Domain Name Basics

Before we discuss domain names, we need to understand Internet address. Internet Address also known as IP address (version 4) is a 32-bit numeric address written as four 8-bit numbers separated by dots. Each 8-bit number represents a number between 0 and 255. An IP address is numerical address used by computers to uniquely identify a computer that are interconnected by the Internet. An IP address is a globally unique address that anyone in the world can find your computer.

The Internet Address is composed of numbers that the computers can understand, but they are hard for humans to remember. To make Internet address human friendly, domain names are introduced. A domain name is mapped to an IP address by a domain name system (or DNS), so that it is easily understood by both humans and computers. The domain names and Internet addresses are administered by Internet Assigned Numbers Authority.

The domain name is a human readable Internet Address. To setup a web site or create an email address, you'll need a domain name. A domain name is comprised of at least two parts: top level domain (TLD) and second level domain (SLD). The TLDs are administered by IANA, and they are pre-determined. The SLDs are domain names that an individual or an organization can register through a domain registrar for it's own use. The third, fourth and (so on) level domain names are arbituary domain names that are assigned by the SLD owners to further organize its domain name.

Top Level Domains

Top level domain names are divided into three categories: generic TLD (gTLD), country code TLD (ccTLD) and infrastructure TLD. The generic top-level domains are the ones most frequently used on the web, and they are as follows:

The ccTLDs are reserved for countries and their dependent territories. Each two letter contry code is designated to an individual country. A list of all country codes can be found in Root-Zone Whois Information page of the IANA website.

The infrastructure TLD is limited to ".arpa" domain name, and is used execlusively for Internet infrastructure purposes. The .ARPA is the Address Routing Parameter Area domain, and is commonly used for reverse domain name resolution purpose.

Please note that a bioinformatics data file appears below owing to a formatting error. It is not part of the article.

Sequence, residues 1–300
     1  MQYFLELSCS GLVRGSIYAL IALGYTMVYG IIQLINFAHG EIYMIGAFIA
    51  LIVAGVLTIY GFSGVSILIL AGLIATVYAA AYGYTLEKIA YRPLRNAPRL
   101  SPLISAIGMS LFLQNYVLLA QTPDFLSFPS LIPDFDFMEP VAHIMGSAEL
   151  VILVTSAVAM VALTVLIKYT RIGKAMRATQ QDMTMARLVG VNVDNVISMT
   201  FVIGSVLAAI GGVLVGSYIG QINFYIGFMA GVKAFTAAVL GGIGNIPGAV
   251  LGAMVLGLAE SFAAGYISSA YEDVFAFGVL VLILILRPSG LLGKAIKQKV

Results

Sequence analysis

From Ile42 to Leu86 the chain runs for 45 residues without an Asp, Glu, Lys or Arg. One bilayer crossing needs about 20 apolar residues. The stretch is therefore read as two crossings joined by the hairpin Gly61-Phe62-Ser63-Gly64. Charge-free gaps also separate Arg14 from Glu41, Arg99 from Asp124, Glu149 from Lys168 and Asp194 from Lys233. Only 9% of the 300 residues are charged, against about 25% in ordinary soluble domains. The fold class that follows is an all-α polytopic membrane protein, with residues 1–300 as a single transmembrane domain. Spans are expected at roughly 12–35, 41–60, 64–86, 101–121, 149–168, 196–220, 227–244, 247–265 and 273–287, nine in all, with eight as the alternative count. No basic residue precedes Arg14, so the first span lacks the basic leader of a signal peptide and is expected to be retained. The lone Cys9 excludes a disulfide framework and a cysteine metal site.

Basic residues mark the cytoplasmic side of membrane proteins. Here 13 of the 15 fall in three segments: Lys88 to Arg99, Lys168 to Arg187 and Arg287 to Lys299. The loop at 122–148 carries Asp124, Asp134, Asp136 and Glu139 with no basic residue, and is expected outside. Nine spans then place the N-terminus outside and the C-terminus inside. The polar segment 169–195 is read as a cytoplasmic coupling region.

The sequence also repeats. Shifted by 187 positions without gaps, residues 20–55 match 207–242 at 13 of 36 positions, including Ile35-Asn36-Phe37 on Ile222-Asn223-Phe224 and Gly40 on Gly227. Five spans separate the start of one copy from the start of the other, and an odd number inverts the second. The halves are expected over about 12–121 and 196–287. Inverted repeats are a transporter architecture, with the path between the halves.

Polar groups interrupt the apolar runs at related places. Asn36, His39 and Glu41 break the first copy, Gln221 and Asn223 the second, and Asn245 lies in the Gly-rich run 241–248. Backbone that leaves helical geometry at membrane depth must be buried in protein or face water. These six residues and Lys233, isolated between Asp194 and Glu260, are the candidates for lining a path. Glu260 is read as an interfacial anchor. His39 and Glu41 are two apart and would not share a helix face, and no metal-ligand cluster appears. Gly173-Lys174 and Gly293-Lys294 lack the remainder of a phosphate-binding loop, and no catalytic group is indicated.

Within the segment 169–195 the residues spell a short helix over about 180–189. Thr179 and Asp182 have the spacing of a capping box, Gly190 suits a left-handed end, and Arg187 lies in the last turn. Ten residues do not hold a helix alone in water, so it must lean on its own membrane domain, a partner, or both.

Second Level Domains

The second-level domain names (SLDs) in combination with top-level domain name (TLD) are the ones that can be registered through ICANN acredited registrars. The domain name is registered for a period of time between 1 year and up to a maximum of 10 years. Think of domain name registration as a right to use the name for a specific period of time (as in lease), and as long as you renew before its expiration, the name belongs to you.

Domain names must be at least two characters long and no more than 63 characters maximum, excluding the top-level domain name. The characters can include any combination of letters, numbers or hyphens. The first and last character cannot be a hyphen. Domain names are not case-sensitive.

Third Level Domains (and beyond)

The third (fourth, and ...) level domain names are also known as subdomain (or canonical) names. A subdomain is part of a domain name created by the SLD owners to create additional names (addresses). A purpose of creating additional subdomain names is to create globally unique addresses within its organization so that they can be accessed globally. The most common subdomain name is www, as in Creating additional subdomains allow an organization to make more computers available on the Internet (remember, the domain name is a human friendly Internet Address) by creating globally unique addresses.